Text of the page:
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A nation must think before it acts.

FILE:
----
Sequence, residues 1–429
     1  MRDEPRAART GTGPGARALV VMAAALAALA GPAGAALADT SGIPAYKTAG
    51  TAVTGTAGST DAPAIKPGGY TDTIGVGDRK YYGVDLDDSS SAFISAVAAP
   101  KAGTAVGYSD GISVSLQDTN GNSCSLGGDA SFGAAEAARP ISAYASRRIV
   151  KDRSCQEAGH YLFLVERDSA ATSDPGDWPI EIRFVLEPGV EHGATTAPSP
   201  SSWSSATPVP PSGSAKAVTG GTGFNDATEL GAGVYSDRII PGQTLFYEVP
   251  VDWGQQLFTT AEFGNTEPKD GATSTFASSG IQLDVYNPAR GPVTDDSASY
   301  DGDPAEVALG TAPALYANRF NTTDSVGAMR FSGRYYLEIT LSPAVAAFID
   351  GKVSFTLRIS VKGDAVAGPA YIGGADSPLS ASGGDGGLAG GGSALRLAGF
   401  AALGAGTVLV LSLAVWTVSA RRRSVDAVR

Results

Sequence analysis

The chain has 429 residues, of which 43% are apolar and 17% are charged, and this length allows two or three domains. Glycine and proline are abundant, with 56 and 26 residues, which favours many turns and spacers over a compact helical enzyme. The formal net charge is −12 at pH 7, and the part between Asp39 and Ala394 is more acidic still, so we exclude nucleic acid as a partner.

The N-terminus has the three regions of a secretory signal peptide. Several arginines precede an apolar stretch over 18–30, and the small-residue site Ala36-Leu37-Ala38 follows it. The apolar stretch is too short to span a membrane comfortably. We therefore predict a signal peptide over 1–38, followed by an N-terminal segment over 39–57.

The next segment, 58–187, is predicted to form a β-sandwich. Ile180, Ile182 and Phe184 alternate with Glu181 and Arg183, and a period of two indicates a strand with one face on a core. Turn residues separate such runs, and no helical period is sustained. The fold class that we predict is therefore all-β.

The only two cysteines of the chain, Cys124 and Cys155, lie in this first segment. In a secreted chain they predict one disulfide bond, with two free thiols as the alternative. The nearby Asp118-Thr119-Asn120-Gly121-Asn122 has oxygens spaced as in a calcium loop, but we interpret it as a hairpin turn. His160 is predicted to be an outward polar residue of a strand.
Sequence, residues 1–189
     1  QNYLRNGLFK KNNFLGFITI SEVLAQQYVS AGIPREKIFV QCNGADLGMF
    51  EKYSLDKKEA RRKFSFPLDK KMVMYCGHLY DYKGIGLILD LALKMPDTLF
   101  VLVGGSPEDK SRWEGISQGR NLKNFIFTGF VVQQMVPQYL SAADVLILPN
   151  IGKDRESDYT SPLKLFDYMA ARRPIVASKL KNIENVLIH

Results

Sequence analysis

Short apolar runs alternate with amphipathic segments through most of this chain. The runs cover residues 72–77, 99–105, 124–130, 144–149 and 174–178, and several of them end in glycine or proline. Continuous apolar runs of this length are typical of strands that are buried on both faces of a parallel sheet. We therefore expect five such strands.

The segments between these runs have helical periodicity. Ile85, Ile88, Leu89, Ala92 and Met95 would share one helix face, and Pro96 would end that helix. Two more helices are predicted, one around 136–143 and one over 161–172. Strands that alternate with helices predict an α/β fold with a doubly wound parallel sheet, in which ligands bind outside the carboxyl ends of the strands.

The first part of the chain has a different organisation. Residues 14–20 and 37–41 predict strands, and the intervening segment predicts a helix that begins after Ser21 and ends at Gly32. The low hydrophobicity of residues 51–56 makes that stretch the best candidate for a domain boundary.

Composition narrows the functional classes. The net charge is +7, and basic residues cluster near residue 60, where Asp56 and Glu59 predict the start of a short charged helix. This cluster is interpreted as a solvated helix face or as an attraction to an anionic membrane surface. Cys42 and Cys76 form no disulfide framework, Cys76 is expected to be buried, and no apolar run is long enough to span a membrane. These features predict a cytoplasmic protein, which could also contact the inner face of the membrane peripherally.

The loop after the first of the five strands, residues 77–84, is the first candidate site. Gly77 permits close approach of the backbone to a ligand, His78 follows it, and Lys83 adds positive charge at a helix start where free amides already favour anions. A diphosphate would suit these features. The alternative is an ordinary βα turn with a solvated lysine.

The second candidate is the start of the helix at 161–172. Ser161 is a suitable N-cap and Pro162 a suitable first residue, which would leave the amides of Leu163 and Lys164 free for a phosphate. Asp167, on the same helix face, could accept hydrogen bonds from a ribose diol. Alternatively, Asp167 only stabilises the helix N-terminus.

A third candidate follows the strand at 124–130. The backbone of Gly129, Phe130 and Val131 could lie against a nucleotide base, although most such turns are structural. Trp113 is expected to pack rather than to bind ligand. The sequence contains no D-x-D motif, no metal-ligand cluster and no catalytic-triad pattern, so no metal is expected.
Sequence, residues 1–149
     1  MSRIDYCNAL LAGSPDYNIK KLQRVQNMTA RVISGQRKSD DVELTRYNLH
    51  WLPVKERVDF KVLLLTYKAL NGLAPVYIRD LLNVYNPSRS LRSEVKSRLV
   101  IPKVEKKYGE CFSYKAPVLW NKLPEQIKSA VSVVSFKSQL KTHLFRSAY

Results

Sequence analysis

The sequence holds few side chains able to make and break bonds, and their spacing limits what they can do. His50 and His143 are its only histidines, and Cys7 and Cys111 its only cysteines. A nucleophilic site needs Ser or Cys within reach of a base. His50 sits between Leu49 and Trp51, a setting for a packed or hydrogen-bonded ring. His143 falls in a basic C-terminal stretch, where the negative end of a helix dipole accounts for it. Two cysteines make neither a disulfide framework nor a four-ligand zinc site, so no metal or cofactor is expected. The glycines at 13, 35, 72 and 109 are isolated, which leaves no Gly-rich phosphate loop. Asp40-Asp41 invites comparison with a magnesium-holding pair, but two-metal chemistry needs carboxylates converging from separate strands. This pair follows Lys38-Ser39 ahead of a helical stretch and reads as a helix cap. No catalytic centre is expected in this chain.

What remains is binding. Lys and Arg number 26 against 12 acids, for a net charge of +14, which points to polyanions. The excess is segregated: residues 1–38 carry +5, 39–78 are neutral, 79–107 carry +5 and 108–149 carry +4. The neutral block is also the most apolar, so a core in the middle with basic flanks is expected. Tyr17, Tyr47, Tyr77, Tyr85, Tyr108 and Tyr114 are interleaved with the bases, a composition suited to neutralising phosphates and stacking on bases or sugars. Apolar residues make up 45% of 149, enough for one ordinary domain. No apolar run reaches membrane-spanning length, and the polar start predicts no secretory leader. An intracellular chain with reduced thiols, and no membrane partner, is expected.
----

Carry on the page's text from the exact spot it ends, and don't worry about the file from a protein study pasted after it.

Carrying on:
I n summer 2003, the Wall Street Journal’s Max Boot hailed the remarkable transformation of the American way of war that was being displayed in Operation Iraqi Freedom. He remarked on the dramatic reduction of costs—both in lives and dollars—from the first Gulf War, Operation Desert Storm, to this second Gulf War. Particularly striking among many impressive statistics are the casualty rates. During Desert Storm an estimated 100,000 Iraqi soldiers died and some 300,000 were wounded; Baghdad reported that there had been 35,000 Iraqi civilian casualties. Losses among Iraqi forces during the second Gulf War are less certain, but probably number in the several thousands. Press reports of civilian casualties range from about 6,000 to approximately 7,700. If casualty figures provide a sound metric, the second Gulf War was far less punishing for Iraqis than the first.